7. DawnF says:

    Be. Present. Now. Put down the electronic device and turn to your loved ones and express your love NOW. You may not get another chance. I think of a dear family I know ~ one who lost their wife and mother too young to cancer. No second chances. No tomorrows. Be. Present. Now.

  8. dyani says:

    I’m disappointed that this article’s Pinterest photo has a huge sad spelling error. But what a refreshing article!

    • Dale Partridge says:

      They are mentioned in the video. I should have listed them below. I will on future articles. Sorry about that.

  9. #1 Fan says:

    When I first got my iPhone, I instantly got addicted to Facebook. I got very depressed because my friends were having a more enjoyable life than I was. It affected my work, my relationships, I got bitter. Reading Romance Novels or watching too much TV can do it, too. When I actually met up with these old classmates, they had more personal problems than I did. I learned to stay in the moment as much as possible. It’s hard sometimes because the present isn’t always comfortable. But it’s worth the peace of mind once you embrace reality.

  10. christopher_stevenson says:

    Speakers having self-awareness or ‘wake-up’ messages like this would do well to use more poetic passion as Propaganda so clearly does. And he personalized it so well.

    A few days ago I walked through a large strip-mall parking lot; a short walk from my car to get a coffee. In that round trip of 10 minutes I counted nine people immersed in their screens. NINE. Some sitting in their cars, some walking, some in the coffee shop.

    It saddened me how many personal experiences and real-life interactions were not taking place as a result. Maybe they don’t think about it. Maybe they don’t care. I don’t know.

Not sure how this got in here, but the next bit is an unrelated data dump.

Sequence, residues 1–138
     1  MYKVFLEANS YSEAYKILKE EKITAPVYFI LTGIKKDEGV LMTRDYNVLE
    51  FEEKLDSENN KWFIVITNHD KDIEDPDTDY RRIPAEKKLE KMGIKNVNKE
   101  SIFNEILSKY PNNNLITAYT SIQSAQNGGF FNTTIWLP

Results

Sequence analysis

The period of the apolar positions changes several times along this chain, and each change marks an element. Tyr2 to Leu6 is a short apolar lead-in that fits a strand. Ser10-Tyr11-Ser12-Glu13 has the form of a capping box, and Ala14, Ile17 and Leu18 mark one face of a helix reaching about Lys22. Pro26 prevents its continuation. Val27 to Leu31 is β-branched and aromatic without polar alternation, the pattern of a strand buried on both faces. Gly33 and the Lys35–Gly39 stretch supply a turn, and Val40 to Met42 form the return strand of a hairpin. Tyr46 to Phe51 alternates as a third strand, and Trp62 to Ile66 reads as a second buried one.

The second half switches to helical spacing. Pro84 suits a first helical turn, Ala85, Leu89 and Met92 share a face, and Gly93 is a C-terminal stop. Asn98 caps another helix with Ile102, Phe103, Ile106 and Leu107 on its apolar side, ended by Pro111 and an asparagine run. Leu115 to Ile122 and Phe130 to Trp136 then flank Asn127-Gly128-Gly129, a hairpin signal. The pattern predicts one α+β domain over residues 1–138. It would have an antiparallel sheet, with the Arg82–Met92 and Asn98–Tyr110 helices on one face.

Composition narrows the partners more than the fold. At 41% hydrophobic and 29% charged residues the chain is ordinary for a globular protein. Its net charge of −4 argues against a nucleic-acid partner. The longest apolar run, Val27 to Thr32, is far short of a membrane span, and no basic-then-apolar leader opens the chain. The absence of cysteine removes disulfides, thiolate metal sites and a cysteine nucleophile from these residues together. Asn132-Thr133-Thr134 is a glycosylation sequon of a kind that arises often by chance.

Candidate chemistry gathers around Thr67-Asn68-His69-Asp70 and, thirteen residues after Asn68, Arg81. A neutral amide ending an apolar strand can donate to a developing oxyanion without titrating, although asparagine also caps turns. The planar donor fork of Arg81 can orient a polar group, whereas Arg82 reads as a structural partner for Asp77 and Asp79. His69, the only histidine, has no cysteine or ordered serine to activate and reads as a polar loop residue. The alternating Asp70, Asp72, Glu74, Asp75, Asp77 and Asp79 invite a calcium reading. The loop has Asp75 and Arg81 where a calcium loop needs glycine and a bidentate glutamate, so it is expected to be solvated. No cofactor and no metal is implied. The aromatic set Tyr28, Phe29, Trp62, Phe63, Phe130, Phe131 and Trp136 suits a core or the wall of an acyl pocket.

I only know to leave my phone in the car when running errands. Always.

  11. Hannah Bentley says:

    Wow. “And only when you lose her do you appreciate her,” so true. Nothing like the feeling of lost time. This was very moving, thanks for sharing.

    “Her presence is God’s present.” Amen.

  12. Maggy says:

    15years ago, we did not have mobile phones. I still use the same method to reply to work related phonecalls on my mobile. Never pick up the phone immediately, ask people who contact you to leave a voicemail message, when it’s an urgent question. Reserve a specific time slot, to answer these messages.
    It gives a better quality, solving the work related calls, reduces stress level, AND gives you more quality to live in the moment.
    The bussiness is still running great and my private time has a “high” quality – living with full awareness – in the moment. It’s not the quantity, it’s all about quality!

  13. Rebecca H. says:

    I swore I wouldn’t get a smartphone until I absolutely had to. I stuck with it with my “unintelligent” phone for a long time, and I had a laptop so I had portable internet access for school and work – that’s all I needed, right? I was getting along perfectly without one, and was even proud of the fact that I didn’t have this crutch that ruins so many of my generation.
    Well, my unintelligent phone broke. It was nearly the same price to upgrade to a smartphone as to get another flip phone – they do that to you on purpose. So…I took the plunge.
    I’ve had it for less than a month, and I’m fair ashamed of how much time I’ve spent on it, and how many personal interactions I’ve brushed off for the sake of it. They’re like little black holes for your attention. I’ve had to be VERY conscious of how much I use it, because it’s very hard to not become addicted.

    • Elska_ says:

      It’s really cool that you’re aware you’re doing this! Most people deny they do that at all….

  14. Elska_ says:

    I switched to a basic phone last year because of money issues. but it benefited me greatly…the only thing that inconveniences me is a GPS, which is not an issue since I bought an external one for my car. But i started to notice how many people had their faces in their phones after that! It’s super ridiculous! It was well-put by my brother the other day: “I should only be using my phone as a phone.” Now it’s a toy.

    • Amanda Jackson says:

      I had the same thing happen when I lost my iPhone like seven or eight months ago. Best mistake I’ve ever made.